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August 21, 2018 05:57 PM

Questions from my first doctoral supervision

Posted by Bertrand Malsch

My first doctoral students recently graduated after a four years journey, giving me the opportunity to reflect back on my “new” completed experience as a supervisor.

Overall, the supervision has been an amazing expedition aimed at growing a scholar, sharing knowledge, and developing new projects. The effect of this engagement on my own work have also been positive. It has re-energized my research agenda, made me discover the rewards of mentoring, and broken a certain professional solitude that (sometimes) accompanies academics and their commitment to their laptops. In sum, although a supervision always involves a certain risk, both for the supervisor and the student, the returns on intellectual and human investment have gone beyond expectations.

Acting as a supervisor, what had been a relatively abstract conversation about the “making of a good academic accountant”[1], has also become for me a “real” problem: How to prepare students to the “publish or perish” environment? How to stimulate them intellectually? How to expose them to a diversity of methods and ideas? How to compose their thesis committee? How to help them select their topics and their fields? How to supervise while respecting their intellectual autonomy? Arguably, there exist as many answers to these questions as they are different types of personalities and projects. Furthermore, the institutional environment, i.e. a North-American university versus a European school, is also likely to result in different responses. However, despite the relational and institutional singularity of each supervision, I see some value in exposing and debating publicly about a number of challenges. I identified three to them.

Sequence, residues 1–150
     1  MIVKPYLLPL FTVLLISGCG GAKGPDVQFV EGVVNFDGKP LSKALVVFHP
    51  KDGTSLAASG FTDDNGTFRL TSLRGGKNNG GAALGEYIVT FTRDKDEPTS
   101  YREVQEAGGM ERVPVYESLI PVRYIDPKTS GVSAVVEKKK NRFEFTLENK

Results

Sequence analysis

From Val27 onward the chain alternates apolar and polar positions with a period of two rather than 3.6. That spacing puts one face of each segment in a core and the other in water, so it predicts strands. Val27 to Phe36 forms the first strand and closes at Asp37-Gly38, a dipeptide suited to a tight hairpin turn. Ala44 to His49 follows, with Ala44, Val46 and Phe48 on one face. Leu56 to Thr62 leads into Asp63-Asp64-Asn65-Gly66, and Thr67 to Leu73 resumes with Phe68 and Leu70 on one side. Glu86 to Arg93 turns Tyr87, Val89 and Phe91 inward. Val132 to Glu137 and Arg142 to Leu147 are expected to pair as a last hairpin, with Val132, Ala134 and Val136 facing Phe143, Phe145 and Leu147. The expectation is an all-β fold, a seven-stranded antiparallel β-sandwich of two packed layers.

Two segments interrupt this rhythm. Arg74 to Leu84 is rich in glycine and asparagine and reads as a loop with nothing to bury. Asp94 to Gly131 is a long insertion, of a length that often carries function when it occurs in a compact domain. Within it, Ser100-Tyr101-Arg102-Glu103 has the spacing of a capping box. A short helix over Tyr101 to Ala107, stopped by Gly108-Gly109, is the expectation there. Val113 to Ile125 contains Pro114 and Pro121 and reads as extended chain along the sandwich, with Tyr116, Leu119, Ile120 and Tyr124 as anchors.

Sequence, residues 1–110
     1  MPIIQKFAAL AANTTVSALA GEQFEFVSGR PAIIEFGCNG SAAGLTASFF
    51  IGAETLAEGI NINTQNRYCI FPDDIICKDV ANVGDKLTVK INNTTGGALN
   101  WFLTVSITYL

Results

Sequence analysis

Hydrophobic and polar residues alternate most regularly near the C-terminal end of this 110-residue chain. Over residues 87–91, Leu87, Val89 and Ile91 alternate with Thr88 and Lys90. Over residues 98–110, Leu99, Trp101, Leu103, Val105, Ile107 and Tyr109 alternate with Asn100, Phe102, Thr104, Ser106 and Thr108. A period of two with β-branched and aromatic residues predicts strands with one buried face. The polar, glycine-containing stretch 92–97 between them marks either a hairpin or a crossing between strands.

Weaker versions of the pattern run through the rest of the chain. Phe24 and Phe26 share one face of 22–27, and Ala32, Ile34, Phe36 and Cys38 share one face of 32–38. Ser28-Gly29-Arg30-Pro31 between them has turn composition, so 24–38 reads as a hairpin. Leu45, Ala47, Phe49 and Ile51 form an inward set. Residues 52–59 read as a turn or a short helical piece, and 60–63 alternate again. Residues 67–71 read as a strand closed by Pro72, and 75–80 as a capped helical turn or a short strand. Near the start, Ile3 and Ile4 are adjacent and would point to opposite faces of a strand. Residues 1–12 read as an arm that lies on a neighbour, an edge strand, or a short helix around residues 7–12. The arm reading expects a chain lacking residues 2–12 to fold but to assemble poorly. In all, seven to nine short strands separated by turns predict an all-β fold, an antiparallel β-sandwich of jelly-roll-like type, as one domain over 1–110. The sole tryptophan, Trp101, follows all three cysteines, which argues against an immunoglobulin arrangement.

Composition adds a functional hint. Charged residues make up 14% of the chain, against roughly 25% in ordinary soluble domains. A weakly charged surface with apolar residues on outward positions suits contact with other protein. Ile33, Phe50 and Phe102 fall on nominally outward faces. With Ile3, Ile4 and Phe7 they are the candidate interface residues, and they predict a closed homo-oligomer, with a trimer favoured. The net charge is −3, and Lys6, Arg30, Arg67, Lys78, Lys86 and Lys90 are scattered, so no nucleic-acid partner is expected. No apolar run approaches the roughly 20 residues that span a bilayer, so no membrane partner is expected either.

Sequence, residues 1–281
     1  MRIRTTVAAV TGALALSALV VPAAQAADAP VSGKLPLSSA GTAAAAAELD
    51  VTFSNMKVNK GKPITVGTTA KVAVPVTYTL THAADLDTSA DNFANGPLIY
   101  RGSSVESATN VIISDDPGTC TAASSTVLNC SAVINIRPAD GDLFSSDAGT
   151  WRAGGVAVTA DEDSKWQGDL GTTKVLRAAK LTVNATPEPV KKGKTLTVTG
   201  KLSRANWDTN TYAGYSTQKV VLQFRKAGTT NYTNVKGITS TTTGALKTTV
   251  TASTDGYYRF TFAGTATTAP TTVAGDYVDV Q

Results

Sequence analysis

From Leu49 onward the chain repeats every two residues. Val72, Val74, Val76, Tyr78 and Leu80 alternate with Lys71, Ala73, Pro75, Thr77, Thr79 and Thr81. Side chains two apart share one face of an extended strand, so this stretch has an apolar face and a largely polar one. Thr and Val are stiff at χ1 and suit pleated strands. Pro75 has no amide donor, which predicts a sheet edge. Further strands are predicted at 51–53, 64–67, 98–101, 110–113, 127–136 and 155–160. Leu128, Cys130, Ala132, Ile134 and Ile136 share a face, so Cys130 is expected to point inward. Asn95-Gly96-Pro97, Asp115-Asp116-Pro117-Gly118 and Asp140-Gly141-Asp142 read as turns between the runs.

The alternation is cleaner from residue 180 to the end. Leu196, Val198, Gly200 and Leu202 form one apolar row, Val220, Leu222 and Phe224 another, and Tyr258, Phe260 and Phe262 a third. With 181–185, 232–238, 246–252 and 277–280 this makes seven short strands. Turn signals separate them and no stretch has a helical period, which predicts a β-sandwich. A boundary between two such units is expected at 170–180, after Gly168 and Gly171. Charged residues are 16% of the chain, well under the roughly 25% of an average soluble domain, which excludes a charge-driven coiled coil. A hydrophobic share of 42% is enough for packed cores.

1 - The evaluation of doctoral students. In a growing number of universities, pressures have increased on doctoral students to send their work to journals as early as possible. Some universities even require that all the papers derived from the thesis be submitted to a journal as a condition for students to defend their thesis. From that perspective, writing a dissertation by articles allows to move papers faster into the publication pipeline. One can easily understand the advantage of engaging as soon as possible with the publication process. Navigating the job market with one or two R&R has become a must. Obtaining a publication as a student provides a great amount of confidence that can be leveraged and transferred to other projects. The submission of a paper can also constitute a great learning experience. After all, one of the best ways of learning is doing. However, there are side effects to the early submission of thesis papers. One of them, rarely discussed, relates to the evaluation of doctoral students. In effect, once a paper has been submitted and is in the reviewers’ hands, the function and the role of the committee in charge of evaluating the thesis deeply changes. The perceived quality of the work becomes a function of the prestige of the journal where it was submitted (and accepted), the reviewers act as the actual evaluators, and the thesis, as an academic object, turns into a temporary snapshot of a work in motion. Whether one deplores or applauds the interference of the publication process in the making of a thesis, it seems to me that evaluating a doctoral research as a mere “content output”, i.e., evaluating a “finished” product in the forms of a series of articles or a monograph, has become increasingly irrelevant. I am not sure about the alternative, but the question on “what” to evaluate and “how” to evaluate deserve more attention from the community.